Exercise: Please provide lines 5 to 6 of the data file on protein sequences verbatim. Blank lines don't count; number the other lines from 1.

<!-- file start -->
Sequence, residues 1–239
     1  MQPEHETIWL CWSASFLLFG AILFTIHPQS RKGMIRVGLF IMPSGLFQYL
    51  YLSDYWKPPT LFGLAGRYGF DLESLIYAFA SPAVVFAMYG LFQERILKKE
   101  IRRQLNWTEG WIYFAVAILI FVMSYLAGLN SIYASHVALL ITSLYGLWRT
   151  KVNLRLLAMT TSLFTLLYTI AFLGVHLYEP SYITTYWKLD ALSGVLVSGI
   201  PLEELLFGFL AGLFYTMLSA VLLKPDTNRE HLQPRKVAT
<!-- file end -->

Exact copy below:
   151  KVNLRLLAMT TSLFTLLYTI AFLGVHLYEP SYITTYWKLD ALSGVLVSGI
   201  PLEELLFGFL AGLFYTMLSA VLLKPDTNRE HLQPRKVAT